It all started really well.
I scraped a whole bunch of hair off of Cisco while getting ready for our ride. Spring has most definitely arrived! (Despite the snowstorm we had a couple of days ago.)
I've had a couple of really good rides lately on Cisco. On our last ride we even achieved the elusive forward and relaxed. Funny how getting a few rides in during the same week helps!
So I figured that I would leave Cisco's soundproof ear bonnet off for tonight's ride. I knew that there would be other horses in the arena with us, and also that the big overhead doors at both ends of the arena were open since it was finally warm(ish). These conditions made for a potentially laid-back pony.
And it all started as such. Cisco looked out the open door at the end and was chill about heading into the corners. He was once again forward and relaxed.
Until he spooked.
The first spook was at something he saw out the "safe" door. I saw a dog afterward, so maybe it ran past. We were walking and Cisco shot sideways at a canter. The instructor who was teaching a lesson was quite impressed with his movements.
He came back without issue and eventually we trotted into the other end, the normally scary end, but because the door was open, it was a much less scary end.
Until Cisco saw something outside that caused him to shoot sideways. And I was not ready for this one!
Somehow, I managed to stay on. I think it was because he went sideways, which caused me to lose my left stirrup and be way over to the right, but then he stopped for a second, so I was able to get back in the center of him again before he shot left once more. It was definitely the closest I've come to falling off of one of his spooks.
Since that didn't work to get me off, Cisco insisted on trying again. And again.
I've no idea what he saw that caused this reaction. The only thing I could see was the neighbour's horses, all happily standing and munching on hay. Although, one of them was a pinto, so maybe?? (Although Cisco's mom was a pinto and he lives with one.)
As I do have to work the next day and thus can't afford to die tonight, I mostly kept it safe and worked most of the time in the safe end of the arena.
He actually kept his cool and was a very good boy otherwise. We were ending the ride at a trot on a loose rein, with the plan to just do one more lap past the spooky area and hopefully not die, when one of the riders in the lesson fell off. And didn't bounce back up. Uh-oh.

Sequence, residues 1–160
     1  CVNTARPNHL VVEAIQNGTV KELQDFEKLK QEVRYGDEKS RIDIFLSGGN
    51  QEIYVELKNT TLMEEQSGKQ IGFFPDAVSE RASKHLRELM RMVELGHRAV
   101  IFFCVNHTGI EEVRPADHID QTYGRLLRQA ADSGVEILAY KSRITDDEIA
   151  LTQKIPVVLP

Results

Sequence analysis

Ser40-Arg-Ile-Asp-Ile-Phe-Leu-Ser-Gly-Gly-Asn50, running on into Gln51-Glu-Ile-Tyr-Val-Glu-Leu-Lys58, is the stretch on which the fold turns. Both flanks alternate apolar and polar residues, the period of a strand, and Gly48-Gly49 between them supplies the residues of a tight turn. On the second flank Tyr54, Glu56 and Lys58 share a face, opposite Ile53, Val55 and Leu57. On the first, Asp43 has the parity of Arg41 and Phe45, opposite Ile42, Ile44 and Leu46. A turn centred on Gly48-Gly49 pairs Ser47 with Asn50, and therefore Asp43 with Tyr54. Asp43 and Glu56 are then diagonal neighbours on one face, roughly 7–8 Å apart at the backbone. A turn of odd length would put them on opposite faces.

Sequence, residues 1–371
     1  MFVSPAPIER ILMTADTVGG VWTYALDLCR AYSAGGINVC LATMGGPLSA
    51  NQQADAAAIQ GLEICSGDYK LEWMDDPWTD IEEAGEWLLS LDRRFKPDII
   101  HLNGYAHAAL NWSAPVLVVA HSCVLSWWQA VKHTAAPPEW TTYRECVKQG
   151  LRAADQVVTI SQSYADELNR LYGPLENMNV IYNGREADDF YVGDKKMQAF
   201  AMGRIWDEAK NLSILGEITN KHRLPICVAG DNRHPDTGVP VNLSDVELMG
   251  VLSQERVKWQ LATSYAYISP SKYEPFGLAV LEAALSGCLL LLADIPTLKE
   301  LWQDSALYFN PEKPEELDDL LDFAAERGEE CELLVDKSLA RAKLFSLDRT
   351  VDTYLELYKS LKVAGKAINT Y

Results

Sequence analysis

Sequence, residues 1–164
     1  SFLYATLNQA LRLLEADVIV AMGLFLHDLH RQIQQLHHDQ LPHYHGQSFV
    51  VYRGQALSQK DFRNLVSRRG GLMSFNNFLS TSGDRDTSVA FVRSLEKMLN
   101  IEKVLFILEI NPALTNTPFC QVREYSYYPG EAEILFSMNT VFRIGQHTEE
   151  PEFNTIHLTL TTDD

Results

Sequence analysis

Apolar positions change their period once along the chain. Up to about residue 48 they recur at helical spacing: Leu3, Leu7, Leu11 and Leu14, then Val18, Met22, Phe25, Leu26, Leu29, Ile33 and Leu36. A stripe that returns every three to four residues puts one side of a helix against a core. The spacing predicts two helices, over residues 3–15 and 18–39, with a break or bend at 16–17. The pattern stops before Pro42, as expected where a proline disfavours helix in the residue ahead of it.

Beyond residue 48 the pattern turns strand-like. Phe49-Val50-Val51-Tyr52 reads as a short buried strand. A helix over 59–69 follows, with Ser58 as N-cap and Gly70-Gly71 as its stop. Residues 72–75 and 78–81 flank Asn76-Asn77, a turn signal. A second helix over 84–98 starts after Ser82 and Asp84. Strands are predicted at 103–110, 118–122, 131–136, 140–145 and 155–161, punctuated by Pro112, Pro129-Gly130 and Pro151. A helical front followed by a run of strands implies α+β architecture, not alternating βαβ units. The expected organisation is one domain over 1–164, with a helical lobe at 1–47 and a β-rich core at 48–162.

An ambulance was called, so after tossing the horses into stalls I drove out to the road to direct them when they arrived. They were shortly followed by a fire truck, who was there to direct the air ambulance helicopter to land.
|It's hard to get a decent picture of a helicopter behind a snowbank, bathed in the glow of a fire engine's lights.|
The good news is that apparently, a helicopter can land in the field next to the arena. It's actually a fairly large spot - I've seen them land in much smaller areas.
It sounds like the helicopter was ordered before the paramedics even arrived. We don't really know why, as even the paramedics said it was overkill. But hey, that's one of the benefits of our publicly funded healthcare!
The good news is that once the poor girl was on the ambulance and being treated it appears that her worst problem was going to be her elbow. She still got a free helicopter ride though.
Once the helicopter flew away the barn owner and I went out and checked all the horses to make sure no one had gone through a fence. Some of them were a little sketched out but all limbs were intact and no one was bleeding - except for the barn owner's horse. He had jumped into his neighboring paddock when the helicopter landed, which she did think to check on and wasn't surprised by (not his first time jumping a fence when stressed), but she didn't see the scrapes on his back leg until we checked on everyone.
It was definitely not the night I expected. The moral of the story is that Cisco will always get ridden with his soundproof bonnet on from now on. And that I will end up needing Advil should I choose to forgo it. (My back and neck are a wee bit sore at the moment. I'm sure not helped by standing in the cold watching the helicopter.)